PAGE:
Future climate alleviates stress impact on grassland productivity through altered antioxidant capacity
Faculty of Sciences. Biology
Environmental and experimental botany. - Oxford, 1976, currens
, p. 150-158
University of Antwerp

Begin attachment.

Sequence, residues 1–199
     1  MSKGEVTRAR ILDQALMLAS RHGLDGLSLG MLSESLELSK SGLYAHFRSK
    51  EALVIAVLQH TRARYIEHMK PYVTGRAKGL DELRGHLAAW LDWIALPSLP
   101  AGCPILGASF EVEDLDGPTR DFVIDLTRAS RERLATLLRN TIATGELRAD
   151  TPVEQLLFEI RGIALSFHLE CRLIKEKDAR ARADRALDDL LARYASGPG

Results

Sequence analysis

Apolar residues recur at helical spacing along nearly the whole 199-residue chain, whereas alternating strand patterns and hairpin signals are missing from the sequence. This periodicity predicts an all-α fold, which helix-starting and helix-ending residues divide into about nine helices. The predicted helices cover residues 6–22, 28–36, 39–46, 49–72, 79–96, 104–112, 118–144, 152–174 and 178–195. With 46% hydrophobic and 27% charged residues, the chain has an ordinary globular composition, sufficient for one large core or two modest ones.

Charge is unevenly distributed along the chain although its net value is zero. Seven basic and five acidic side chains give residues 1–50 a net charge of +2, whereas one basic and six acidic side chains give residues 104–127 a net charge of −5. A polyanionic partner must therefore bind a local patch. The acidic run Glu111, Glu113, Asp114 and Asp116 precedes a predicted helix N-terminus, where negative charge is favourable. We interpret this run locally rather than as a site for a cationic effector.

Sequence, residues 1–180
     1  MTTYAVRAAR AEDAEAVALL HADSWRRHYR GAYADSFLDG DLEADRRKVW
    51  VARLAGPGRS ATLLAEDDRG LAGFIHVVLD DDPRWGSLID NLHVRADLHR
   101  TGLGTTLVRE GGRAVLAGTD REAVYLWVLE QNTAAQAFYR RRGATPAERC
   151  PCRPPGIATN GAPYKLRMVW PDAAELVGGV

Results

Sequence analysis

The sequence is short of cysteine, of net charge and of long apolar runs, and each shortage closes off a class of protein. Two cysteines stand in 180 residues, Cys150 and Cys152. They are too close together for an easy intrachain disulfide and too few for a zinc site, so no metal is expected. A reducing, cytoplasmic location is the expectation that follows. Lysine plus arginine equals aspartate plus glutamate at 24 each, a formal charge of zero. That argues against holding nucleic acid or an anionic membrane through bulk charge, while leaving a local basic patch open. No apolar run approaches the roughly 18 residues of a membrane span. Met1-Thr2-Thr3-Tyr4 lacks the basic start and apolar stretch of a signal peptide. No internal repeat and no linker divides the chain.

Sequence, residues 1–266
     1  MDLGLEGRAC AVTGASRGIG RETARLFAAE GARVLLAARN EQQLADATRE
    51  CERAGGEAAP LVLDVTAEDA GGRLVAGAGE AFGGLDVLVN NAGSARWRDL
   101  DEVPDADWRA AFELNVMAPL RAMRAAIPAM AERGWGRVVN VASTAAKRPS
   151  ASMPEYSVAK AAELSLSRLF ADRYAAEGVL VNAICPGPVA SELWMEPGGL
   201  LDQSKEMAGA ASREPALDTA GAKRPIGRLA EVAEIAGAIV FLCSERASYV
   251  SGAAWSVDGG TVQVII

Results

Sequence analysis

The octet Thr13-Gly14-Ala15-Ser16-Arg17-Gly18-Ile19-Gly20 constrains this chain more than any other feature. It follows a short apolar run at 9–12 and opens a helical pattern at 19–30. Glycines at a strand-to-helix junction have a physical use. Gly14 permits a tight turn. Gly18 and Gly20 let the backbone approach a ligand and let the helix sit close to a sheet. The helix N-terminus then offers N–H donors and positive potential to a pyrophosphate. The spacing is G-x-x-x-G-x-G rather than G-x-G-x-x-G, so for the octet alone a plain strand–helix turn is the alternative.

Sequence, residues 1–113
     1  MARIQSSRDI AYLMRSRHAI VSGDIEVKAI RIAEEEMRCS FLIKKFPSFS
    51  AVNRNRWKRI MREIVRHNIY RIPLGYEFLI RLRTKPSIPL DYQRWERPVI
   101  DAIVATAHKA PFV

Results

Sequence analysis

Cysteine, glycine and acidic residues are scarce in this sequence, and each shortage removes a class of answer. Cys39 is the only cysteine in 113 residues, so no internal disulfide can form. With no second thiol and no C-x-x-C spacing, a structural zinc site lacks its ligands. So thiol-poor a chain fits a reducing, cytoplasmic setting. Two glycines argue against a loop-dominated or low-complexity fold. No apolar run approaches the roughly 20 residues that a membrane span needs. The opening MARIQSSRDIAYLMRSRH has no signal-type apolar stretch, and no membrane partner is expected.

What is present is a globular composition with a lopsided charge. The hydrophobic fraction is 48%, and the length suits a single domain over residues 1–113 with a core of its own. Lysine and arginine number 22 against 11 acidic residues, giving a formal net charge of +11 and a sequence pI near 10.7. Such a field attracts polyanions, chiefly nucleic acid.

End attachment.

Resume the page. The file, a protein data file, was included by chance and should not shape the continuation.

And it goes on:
Predicting future ecosystem functioning requires a mechanistic understanding of how plants cope with different stressors under future climate conditions with elevated CO2 concentrations and warmer temperatures. Nonetheless, studies of stress responses under combined elevated CO2 and warming remain scarce. We assembled grassland communities in sunlit, climate-controlled greenhouses and subjected these to three stressors (drought, zinc toxicity, nitrogen limitation) and their combinations. Half of the communities were exposed to ambient climate conditions (current climate) and the other half were continuously kept at 3 degrees C above ambient temperatures and at 620 ppm CO2 (future climate). Across all stressors and their combinations, future climate-grown plants coped better with stress, i.e. above-ground biomass production was reduced less in future than in current climate. Among several tested potential biochemical and ecophysiological stress-relief mechanisms, we found three mutually non-exclusive mechanisms underpinning an improved stress protection under future climate conditions: (i) altered sugar metabolism; (ii). up-regulated levels of total antioxidant capacity and polyphenols; and (iii) more efficient use of ascorbate and glutathione as antioxidants. (C) 2014 The Authors. Published by Elsevier B.V. All rights reserved.